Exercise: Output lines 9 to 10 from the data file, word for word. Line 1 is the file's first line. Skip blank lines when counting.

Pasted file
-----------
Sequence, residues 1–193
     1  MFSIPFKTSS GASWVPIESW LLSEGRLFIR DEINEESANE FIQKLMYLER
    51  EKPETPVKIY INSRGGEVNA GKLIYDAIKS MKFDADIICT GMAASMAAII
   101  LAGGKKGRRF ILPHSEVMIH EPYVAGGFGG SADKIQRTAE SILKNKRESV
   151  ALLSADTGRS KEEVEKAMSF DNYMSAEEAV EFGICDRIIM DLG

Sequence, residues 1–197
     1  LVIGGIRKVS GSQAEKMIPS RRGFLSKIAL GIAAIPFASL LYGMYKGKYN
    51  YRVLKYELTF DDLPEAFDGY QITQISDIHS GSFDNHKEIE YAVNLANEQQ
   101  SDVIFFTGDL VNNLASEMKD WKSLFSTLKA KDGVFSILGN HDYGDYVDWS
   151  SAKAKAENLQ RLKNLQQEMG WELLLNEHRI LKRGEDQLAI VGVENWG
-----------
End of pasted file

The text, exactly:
   101  SDVIFFTGDL VNNLASEMKD WKSLFSTLKA KDGVFSILGN HDYGDYVDWS
   151  SAKAKAENLQ RLKNLQQEMG WELLLNEHRI LKRGEDQLAI VGVENWG